It’s a bit of an understatement to say that job search and landing a job that you truly want is difficult, especially with a basic job search strategy. However, it’s not impossible to succeed at securing job interviews if you get your resume, cover letter, and application just right.
At this point, you should know the right way to make a resume, but it takes more than that to catch the recruiter’s eye.
What if your resume ends up buried in a pile of equally well-written resumes?
Well, the good news is that you don’t always have to compete.
Instead, you can send your resume directly to a hiring manager and get that job. This strategy doesn’t guarantee success, but might significantly boost your chances of standing out and getting the decision maker’s full attention, giving you a head start in your job search.
There’s plenty of tips on how to start on finding a career that’s right for you, including tips on doing the impossible — finding a job when there are none around.
Well, knocking on the employer’s door is one neat trick for accessing the “hidden job market”. This method works especially well in smaller companies in which one or two people make hiring decisions. Establishing a personal connection makes landing a job more likely than just relying on your resume.
But what if knocking on the employer’s door isn’t feasible?
You can still make that personal connection by emailing your resume directly to a hiring manager.
First, choose a few dream companies.
Next, figure out who is in charge of hiring people. Many companies have online resource pages titled “our people” that feature employee bios.
You’re looking for two things — the hiring manager’s name and their email address.
If you find both, great. If you don’t find anything, don’t despair. In either case, you’re going to use LinkedIn next.
If you don’t have an optimized LinkedIn profile, it’s time to make one. Creating a LinkedIn profile is one of the best ways of harnessing the potential of online networks. It’s also a good way of demonstrating that you’re tech-savvy.
Once you’ve got a profile, enter either the name of the person you’ve found or “HR people who work at [name of company]” into the search box.
Now do what LinkedIn is best at, making connections. Request to connect with the person in question. And, it’s always a good idea to make the connection personal, delete the automatic message and replace it with one that offers something of value and a convincing explanation for connecting.
For example, do they have a blog? You could mention articles they’ve posted. If they don’t post, you could mention how impressed you are with a particular aspect of their company.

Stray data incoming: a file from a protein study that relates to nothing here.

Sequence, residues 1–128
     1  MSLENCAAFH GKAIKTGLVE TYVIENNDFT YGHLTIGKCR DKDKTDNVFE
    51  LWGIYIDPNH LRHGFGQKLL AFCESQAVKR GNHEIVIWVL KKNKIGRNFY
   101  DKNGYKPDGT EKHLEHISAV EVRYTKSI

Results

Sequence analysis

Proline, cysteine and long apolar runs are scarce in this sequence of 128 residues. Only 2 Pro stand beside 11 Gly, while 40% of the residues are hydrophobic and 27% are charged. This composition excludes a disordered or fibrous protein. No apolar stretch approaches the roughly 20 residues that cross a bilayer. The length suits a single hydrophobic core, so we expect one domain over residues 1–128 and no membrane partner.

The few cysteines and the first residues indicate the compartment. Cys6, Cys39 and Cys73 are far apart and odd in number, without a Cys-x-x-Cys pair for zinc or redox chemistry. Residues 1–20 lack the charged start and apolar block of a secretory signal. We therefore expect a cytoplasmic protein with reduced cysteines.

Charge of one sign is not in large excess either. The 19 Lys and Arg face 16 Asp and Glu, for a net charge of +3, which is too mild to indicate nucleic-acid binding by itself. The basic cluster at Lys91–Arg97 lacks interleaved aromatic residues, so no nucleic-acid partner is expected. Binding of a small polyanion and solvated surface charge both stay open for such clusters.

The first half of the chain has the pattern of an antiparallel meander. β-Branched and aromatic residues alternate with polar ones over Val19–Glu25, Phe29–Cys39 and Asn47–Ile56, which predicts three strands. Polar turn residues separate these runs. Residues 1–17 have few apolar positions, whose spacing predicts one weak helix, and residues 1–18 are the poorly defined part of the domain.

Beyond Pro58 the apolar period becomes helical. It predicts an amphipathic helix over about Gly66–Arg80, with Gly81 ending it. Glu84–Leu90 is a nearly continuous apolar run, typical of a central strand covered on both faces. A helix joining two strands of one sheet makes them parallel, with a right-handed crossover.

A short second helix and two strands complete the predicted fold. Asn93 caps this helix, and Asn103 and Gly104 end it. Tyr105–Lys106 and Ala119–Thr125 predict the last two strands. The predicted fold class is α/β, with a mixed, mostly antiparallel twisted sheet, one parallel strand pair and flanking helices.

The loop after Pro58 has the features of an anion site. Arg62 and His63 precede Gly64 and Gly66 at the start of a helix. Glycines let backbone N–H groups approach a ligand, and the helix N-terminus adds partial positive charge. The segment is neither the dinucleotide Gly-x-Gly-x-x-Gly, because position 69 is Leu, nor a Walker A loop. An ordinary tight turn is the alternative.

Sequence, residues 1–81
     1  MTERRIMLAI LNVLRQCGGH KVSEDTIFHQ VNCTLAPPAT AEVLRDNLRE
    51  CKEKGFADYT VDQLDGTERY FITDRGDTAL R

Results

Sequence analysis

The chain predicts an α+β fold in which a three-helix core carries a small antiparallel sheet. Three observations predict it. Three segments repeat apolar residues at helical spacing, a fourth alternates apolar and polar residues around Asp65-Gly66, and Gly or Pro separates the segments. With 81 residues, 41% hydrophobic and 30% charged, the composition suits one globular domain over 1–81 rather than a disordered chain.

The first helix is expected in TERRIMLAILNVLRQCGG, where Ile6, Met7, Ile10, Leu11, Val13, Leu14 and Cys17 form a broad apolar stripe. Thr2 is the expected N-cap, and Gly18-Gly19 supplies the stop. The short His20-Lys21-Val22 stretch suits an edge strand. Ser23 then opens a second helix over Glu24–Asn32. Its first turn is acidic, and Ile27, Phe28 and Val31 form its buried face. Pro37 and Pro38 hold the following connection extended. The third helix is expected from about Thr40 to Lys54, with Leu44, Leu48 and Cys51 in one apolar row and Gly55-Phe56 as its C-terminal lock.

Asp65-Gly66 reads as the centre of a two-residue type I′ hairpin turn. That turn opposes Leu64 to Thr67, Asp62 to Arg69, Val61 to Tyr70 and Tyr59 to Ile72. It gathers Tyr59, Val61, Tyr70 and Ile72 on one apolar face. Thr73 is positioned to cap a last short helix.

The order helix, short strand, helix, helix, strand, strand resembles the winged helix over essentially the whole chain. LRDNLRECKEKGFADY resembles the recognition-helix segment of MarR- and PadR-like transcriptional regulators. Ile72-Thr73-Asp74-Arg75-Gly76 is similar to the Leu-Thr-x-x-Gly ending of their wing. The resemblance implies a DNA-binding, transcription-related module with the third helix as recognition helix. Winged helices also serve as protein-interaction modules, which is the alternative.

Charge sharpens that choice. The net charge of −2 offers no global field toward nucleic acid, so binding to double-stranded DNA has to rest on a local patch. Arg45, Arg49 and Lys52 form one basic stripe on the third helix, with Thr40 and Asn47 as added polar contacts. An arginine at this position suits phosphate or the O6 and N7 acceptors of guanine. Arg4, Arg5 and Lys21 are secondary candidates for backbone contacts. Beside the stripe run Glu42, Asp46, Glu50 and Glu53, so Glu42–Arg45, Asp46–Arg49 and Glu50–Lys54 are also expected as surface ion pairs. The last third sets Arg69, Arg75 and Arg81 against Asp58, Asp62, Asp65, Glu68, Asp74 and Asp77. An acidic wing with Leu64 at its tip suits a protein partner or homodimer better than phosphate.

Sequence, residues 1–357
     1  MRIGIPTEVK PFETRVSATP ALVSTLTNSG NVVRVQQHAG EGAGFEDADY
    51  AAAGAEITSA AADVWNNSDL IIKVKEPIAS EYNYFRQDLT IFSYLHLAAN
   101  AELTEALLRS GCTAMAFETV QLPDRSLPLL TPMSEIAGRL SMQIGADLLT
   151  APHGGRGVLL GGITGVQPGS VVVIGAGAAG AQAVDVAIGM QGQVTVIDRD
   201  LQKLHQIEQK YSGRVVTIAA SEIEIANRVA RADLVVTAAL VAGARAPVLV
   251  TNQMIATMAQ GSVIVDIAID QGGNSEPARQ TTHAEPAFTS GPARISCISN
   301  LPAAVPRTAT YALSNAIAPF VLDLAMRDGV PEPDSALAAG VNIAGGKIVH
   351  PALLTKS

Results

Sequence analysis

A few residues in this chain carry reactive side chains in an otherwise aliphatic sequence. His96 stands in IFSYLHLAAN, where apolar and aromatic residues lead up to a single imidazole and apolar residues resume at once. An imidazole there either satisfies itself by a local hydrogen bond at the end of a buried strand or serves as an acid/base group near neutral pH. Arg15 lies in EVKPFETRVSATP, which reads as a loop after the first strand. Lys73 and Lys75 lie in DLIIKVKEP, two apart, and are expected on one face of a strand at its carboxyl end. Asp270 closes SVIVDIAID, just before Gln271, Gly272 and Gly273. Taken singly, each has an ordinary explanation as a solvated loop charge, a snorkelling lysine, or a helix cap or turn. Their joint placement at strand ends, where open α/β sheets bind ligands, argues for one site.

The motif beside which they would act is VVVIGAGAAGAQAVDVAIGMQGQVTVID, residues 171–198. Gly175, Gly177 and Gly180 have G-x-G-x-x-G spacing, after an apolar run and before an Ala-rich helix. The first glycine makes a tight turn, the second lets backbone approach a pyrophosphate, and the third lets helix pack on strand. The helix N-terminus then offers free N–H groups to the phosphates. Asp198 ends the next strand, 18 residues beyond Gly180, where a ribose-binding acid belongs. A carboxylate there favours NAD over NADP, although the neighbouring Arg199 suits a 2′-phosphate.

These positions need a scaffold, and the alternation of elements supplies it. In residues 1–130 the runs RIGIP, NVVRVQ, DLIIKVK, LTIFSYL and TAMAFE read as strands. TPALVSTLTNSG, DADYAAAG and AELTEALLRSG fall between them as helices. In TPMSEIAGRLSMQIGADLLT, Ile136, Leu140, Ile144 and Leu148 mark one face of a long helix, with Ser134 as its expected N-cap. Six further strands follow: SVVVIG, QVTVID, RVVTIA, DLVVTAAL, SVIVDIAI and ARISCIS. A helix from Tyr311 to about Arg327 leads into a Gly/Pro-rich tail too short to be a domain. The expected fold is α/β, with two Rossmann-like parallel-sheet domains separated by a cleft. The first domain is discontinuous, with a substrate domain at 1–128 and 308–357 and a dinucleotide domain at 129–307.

Once you’ve established a connection on LinkedIn, it’s time to email your resume.
Let’s start with your subject headline. Keep in mind that sometimes the subject length limit is set to 60 characters. That gets cut in half if a hiring manager views your email via mobile.
So what should you write? If you’ve done your research and you’re a talented professional you can use a solution headline:
I can boost XYZ’s growth
Otherwise, you can pitch your professional expertise:
Results-driven Engineer Interested in XYZ
For the salutation, taking a personalized approach to email is the digital equivalent of knocking on the employer’s door.
Once you’ve greeted the hiring manager, write your message.
Your message should highlight the value you are going to bring to the company. You should back up your claims with a few examples of your best achievements. Make sure you illustrate these accomplishments with facts and figures.
I increased sales by 15% thanks to maintaining relationships with 20 key clients.
Mention that your resume is attached and end with a postscript.
Adding a postscript in an email emphasizes key information intentionally. Do you have a certification or achievement that you want to spotlight? Add it as a postscript.
Now, finally, you can send your resume.
You can use an app like Yesware to check what’s going on with the email you sent to the hiring manager. The free trial version will let you track your resume and see when recruiters open and read your email.
Timing is important, too. The sooner you send out your resume, the greater the chance that the decision maker will offer you an interview. Click that send button on a Monday or Tuesday. Most job ads go live at the beginning of the week (58% Monday – Wednesday). What’s crucial though, is that 60% of resumes are sent the same week.
It’s cheap, old internet adage, but act now!
Diligent follow-up and follow-through will set you apart from the crowd and communicate excellence.
~John C. Maxwell
While trying to land a job can make you feel like the Sisyphus of job hunting, it’s not impossible.
One of the best things you can do for your resume is to tailor it to the employer’s needs and to get creative about how you send it to a prospective employer.
Adding a personal touch is what will put you ahead of the competition.
Article Provided By: Career Bright